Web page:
David Gooding knows a little something about the value of collectible cars. Having grown up among Las Vegas's famed Harrah Collection as a boy – his father was the curator of that automotive treasure trove – Gooding learned about classic vehicles not from slavering over photos, but from touching, cleaning, and driving actual Duesenbergs, Rolls-Royces and, Pierce-Arrows.
Now, as president and founder of the automotive auction house that bears his name, Gooding & Co, he creates and oversees a series of annual auctions at which the most beautiful and – in the case of a 1957 Ferrari 250 Testa Rossa Prototype, which sold in 2011 for $16.39 million – the most expensive cars in the world trade hands.
With the cars of the contemporary era – the 1970s, 1980s, and 1990s – officially becoming eligible to be considered "classics," a whole new generation of vehicles has begun appearing on his auction stands. In 2013, high-profile modern vehicles such as a 1990 Ferrari F40, a 1995 Ferrari F50, and a 1972 Ferrari Dino 246 GTS crossed the block and achieved astounding prices.
But beautiful and potent as they are, Ferraris are an obvious choice for future collectibles. And as intrigued as we are by the rise of formerly shunned Italians like the delicate Dino – one of which Gooding just sold for $363,000 – not everyone has Ferrari money. So when we ran into Gooding at the recent classic car Concours d'Elegance in Pebble Beach, California, we took a stroll around the show field and asked him to use the vehicles displayed there as a jumping-off point for a discussion of the next generation of rising collectibles. Here are six in particular to watch for.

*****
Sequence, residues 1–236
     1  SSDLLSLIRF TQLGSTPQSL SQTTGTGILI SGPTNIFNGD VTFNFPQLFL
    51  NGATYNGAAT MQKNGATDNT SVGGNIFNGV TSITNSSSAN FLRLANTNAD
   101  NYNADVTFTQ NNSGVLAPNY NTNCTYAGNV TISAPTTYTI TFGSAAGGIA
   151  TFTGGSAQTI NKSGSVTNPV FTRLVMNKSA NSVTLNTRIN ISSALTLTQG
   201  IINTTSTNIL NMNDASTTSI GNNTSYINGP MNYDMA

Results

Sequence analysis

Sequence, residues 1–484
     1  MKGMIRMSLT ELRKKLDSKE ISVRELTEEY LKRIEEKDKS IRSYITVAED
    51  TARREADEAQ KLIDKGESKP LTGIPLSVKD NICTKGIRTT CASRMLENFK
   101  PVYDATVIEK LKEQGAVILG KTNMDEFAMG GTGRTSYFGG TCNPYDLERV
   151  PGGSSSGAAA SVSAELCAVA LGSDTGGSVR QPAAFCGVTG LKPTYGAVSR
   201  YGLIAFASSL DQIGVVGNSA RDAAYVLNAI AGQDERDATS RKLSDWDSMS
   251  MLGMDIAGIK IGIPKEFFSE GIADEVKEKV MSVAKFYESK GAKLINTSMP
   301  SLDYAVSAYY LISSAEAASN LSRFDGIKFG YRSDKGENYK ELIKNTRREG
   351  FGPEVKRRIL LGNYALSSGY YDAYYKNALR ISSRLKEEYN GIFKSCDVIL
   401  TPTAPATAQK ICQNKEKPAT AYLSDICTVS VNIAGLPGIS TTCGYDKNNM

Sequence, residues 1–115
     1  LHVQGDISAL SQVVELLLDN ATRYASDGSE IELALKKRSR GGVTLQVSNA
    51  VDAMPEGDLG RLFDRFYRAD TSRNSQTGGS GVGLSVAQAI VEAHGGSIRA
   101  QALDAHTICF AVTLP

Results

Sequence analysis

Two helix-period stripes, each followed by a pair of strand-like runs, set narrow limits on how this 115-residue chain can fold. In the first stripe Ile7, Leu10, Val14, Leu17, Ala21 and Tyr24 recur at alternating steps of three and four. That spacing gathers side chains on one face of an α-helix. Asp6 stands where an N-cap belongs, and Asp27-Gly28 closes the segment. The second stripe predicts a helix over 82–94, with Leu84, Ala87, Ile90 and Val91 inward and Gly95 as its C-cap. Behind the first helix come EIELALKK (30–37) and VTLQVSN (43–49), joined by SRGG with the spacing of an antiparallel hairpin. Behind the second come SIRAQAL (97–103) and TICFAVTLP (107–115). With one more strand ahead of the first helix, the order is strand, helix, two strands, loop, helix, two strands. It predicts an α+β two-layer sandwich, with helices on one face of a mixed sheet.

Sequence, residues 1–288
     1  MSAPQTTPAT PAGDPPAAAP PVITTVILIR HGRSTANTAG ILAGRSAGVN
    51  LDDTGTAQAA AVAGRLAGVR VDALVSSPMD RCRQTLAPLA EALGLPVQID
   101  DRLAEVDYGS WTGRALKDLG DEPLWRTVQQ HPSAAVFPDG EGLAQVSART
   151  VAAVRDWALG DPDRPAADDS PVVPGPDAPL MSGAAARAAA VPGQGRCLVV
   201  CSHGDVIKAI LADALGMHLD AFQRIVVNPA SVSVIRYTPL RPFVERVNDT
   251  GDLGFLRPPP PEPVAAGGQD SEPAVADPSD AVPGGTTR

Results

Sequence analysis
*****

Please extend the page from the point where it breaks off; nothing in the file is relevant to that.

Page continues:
Volkswagen Type 2 (1950-1967)
We doubt anyone ever predicted that the heavy, slow, globular, and pedestrian Volkswagen Bus would one day be considered a collectible. But then one sold at a 2011 Barrett-Jackson auction for over $200,000 and the market took off – perhaps a bit irrationally. "Given the proper condition and originality," Gooding says, "these cars can be very collectible." (He sold one this summer for $120,000.) "People buy them on a whim," he says, "because they see them, and are nostalgic." But don't expect this model to go into the stratosphere. "Nostalgic whims can work with a five-figure car," Gooding cautions, "but not with an eight-figure one." Regardless, he imagines that we're likely to see more of them in future sales – though not too many. "We have to be selective," he says. "We can't have an auction full of them."
Credit: Courtesy Gooding & Co.